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Clergy knocks Blakey’s panty song

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“No long talk” is by far the biggest hit so far for Carnival 2008, and while it is stirring mad excitement in every party, it has also become a talking point among church leaders – who have condemned the song as grossly indecent and unacceptable.{{more}}

Vincent “Blakie” Cuffy’s partnership with crowd favourite Gamal “Skinny Fabulous” Doyle for the hit song, coupled with the much touted “Project Blakie”, which is an attempt to get the 48-year-old off drugs and alcohol, has created a show within the show that is Carnival, but the song has attracted sharp criticism in church circles.

“Except something is wrong with us as a society, that song can’t be acceptable,” said Anglican Priest, Patrick McIntosh, who laid into the song during a recent sermon.

Dean McIntosh told SEARCHLIGHT that his criticism of the song, which encourages women to “Tek off the panty, no more long talk” is not a religious one, but rather moral.

He said that when that song is placed in the context of the increase in the disrespect of women in society, a sad picture is painted.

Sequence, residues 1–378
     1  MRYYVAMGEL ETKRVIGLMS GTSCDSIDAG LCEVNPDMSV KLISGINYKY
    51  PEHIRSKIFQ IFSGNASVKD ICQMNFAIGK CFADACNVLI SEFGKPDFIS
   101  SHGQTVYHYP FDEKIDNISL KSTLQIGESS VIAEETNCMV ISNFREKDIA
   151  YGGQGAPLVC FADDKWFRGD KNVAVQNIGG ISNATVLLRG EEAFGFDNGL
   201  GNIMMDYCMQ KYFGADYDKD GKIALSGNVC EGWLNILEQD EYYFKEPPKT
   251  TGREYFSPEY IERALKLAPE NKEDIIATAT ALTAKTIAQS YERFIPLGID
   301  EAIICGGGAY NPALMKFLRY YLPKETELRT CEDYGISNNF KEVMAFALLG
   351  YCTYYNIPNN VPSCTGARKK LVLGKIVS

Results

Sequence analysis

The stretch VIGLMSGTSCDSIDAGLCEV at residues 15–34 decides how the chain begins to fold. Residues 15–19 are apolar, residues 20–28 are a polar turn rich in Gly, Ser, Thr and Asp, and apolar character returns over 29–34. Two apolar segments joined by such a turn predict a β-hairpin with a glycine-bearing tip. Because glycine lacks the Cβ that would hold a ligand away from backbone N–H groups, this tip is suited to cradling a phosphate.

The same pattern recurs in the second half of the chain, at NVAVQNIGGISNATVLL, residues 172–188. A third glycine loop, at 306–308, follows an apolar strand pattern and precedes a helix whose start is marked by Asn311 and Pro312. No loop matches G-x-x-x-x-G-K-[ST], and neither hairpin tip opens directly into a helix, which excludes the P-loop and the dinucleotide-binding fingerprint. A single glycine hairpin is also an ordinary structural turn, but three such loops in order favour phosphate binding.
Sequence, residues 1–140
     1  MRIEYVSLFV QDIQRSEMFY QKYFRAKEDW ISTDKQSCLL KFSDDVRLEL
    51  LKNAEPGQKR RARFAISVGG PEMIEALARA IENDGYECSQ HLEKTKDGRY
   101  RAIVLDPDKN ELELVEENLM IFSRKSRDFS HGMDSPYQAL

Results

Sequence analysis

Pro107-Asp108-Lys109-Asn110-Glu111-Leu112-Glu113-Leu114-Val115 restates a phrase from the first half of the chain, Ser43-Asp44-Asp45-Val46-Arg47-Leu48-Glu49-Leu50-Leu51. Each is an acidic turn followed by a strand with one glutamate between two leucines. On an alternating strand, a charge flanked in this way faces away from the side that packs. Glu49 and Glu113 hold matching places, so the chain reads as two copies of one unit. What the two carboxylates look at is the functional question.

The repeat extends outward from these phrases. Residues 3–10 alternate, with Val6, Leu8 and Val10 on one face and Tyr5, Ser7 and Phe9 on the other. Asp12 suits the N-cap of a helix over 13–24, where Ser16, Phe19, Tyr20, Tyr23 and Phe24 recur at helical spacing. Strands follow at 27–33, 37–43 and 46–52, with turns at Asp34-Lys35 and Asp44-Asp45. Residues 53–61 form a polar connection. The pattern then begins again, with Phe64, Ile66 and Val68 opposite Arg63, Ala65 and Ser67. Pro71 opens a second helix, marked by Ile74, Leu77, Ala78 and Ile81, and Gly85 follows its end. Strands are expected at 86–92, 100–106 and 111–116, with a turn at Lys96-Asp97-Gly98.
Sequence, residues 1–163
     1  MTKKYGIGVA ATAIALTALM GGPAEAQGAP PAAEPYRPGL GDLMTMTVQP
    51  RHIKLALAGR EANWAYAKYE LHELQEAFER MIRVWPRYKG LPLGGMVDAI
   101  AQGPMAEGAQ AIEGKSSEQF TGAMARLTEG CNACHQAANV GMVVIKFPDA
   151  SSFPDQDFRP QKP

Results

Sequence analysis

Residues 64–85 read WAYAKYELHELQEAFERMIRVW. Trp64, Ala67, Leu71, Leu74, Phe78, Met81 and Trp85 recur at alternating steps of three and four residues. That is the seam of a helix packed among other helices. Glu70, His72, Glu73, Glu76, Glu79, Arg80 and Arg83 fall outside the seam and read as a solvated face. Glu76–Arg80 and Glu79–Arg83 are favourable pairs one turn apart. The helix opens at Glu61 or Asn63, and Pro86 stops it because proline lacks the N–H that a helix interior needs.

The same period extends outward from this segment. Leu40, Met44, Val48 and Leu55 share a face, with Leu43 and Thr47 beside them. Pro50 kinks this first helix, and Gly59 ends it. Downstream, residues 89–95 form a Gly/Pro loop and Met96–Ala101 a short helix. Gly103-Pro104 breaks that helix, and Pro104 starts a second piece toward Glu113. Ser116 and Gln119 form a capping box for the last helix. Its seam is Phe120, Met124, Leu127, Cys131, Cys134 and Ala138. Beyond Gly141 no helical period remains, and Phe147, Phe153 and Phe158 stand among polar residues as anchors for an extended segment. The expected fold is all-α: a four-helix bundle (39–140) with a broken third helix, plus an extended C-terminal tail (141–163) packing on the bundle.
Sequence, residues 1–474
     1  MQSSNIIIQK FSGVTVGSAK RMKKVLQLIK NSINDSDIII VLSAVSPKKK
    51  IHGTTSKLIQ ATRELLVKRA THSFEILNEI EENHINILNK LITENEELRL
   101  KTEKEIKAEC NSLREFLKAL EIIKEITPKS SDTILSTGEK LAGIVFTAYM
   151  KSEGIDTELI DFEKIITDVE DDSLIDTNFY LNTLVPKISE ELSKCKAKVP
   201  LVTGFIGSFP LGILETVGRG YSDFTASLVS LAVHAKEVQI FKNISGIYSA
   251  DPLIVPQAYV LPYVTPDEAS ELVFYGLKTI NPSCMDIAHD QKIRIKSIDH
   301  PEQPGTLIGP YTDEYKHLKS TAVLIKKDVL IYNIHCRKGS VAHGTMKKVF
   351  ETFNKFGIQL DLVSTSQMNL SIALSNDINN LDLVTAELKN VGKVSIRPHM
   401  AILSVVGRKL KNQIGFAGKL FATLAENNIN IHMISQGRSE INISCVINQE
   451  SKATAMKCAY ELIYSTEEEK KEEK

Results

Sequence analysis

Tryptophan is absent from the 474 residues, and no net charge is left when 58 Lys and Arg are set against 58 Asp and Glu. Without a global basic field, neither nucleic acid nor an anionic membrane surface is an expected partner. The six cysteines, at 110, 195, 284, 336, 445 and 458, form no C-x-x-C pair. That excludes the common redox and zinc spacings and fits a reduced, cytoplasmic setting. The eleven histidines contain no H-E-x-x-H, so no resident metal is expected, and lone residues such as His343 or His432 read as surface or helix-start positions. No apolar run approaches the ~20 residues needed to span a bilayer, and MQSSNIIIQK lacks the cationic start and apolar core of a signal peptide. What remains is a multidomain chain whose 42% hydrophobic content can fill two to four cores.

He said songs like that one continue to nurture an inferior view of women in society.

McIntosh, who is Dean of St. George’s Cathedral, said he was also very disgusted by the use of the song to promote carnival shows.

“Surely we can use more tasteful songs to promote Carnival,” he said.

He said that he is not suggesting that questionable songs have not been made before. However, according to him, there comes a time when stocktaking needs to be done.

“This is not an attack against Carnival. It is not me taking a fundamentalist approach,” he said.

He noted that in the past, sexually suggestive songs were written with more creativity that could at least shield the very young, so when “No long talk” is written so plainly, “Is it a sign of the society, can we allow this to go along?” he asked.

This view is also shared by Rev Noel Clarke, outspoken tele-evangelist, and long time pastor of the Layou Miracle Church.

Clarke told SEARCHLIGHT that he was very disappointed that the song was getting so much airplay, and he, too, stressed that his concern was not a religious issue, but rather a moral one.

Clarke also alluded to the fact that in times past, songs with sexual overtones were disguised, and said that he, too, is concerned about the uncensored message that is being fed to the young children. (KJ)

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